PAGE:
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The impact of translation control of protein synthesis on neuroblastoma and medulloblastoma progression Delaidelli, Alberto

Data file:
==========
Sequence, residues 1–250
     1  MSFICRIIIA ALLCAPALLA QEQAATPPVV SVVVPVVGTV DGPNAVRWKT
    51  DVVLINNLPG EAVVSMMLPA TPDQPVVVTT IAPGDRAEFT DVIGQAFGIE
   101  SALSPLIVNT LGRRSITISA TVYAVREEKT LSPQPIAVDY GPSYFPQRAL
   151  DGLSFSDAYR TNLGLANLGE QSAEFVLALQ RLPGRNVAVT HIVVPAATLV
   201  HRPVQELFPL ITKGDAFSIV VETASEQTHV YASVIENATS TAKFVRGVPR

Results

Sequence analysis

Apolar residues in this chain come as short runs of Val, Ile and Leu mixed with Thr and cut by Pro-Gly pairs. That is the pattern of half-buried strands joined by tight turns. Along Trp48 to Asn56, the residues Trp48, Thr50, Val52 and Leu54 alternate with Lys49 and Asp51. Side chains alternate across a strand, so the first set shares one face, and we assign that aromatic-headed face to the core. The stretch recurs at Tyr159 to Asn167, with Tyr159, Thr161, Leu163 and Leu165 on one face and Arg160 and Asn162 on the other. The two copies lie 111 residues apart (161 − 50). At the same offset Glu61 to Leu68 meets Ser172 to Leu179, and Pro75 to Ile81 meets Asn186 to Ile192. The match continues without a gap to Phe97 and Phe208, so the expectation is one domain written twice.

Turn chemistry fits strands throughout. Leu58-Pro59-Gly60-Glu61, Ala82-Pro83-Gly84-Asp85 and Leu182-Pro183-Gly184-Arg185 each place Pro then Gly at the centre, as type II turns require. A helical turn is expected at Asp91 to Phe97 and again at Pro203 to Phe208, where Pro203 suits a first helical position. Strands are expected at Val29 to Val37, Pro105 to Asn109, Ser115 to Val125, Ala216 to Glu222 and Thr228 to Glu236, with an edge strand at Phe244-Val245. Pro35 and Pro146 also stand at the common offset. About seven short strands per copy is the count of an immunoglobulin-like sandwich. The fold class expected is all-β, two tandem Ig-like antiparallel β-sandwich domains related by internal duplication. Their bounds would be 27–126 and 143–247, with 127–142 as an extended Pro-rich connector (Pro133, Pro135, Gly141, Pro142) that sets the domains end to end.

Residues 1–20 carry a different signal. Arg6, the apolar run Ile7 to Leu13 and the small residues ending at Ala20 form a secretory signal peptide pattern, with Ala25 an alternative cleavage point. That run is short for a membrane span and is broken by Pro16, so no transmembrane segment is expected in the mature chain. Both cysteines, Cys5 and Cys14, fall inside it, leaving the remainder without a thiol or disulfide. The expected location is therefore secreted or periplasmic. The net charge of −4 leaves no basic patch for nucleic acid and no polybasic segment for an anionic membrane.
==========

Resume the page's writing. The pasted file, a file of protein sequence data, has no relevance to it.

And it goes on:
Neuroblastoma and medulloblastoma, malignant tumors of the nervous system, are the most common childhood solid tumors and leading cause of childhood related cancer deaths. A subset of these tumors, collectively characterized by MYC of MYCN amplification or overexpression, bears dismal prognosis with a ten-year survival rate around 50%. However, the discovery of molecularly informed targeted therapies represents a major challenge in current cancer research, and these are currently unavailable for children affected by neuroblastoma and medulloblastoma. It is sobering that for most children who suffer relapse, there are few if any therapeutic options available, with most patients receiving the same type of therapy that failed in the first place. While MYC-driven oncogenic transformation is known to determine adverse patient outcome, it also induces a high metabolic demand that impairs cell survival under acute nutrient deprivation (ND). We previously reported that eukaryotic Elongation Factor Kinase 2 (eEF2K), the master regulator of mRNA translation elongation, is critical for cell adaptation to ND. We therefore set out to determine if eEF2K is required for the progression of MYC-driven childhood cancer. Our in vitro and in vivo results revealed that MYCN and MYC driven neuroblastoma and medulloblastoma rely on eEF2K to overcome nutrient starvation. We surveyed clinical samples of neuroblastoma and medulloblastoma, and we observed high eEF2K activity to be significantly associated with MYC family members overexpression. Mechanistically, through multiple proteomics experiments coupled with RNAseq, we found that eEF2K regulates the synthesis of several components of the mitochondrial electron transport chain. As a result, eEF2K deficient cells displayed inefficient super complex assembly and oxidative phosphorylation. Overall, our work identifies novel targetable pathways contributing to the progression of MYC driven neuronal tumors. Future studies should investigate the combination of eEF2K inhibition with caloric restriction mimetics, as a targeted therapeutic approach for MYC driven tumors.

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